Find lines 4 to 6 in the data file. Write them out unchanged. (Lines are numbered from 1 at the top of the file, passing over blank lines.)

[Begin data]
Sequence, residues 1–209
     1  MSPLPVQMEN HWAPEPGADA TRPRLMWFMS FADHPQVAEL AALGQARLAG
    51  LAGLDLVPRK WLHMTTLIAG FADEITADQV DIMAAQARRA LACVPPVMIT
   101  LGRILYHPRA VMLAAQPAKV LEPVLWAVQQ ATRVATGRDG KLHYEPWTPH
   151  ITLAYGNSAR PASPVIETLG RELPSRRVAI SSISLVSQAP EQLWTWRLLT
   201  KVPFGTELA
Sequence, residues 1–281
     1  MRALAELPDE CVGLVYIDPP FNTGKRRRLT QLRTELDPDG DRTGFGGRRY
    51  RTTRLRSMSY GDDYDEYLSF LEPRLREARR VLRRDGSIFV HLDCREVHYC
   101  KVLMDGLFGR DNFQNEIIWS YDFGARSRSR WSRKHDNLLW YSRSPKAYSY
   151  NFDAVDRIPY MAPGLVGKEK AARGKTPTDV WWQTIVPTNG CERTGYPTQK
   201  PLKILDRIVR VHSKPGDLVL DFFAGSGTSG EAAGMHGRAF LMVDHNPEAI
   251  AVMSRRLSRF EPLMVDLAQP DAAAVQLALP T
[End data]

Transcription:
   101  LGRILYHPRA VMLAAQPAKV LEPVLWAVQQ ATRVATGRDG KLHYEPWTPH
   151  ITLAYGNSAR PASPVIETLG RELPSRRVAI SSISLVSQAP EQLWTWRLLT
   201  KVPFGTELA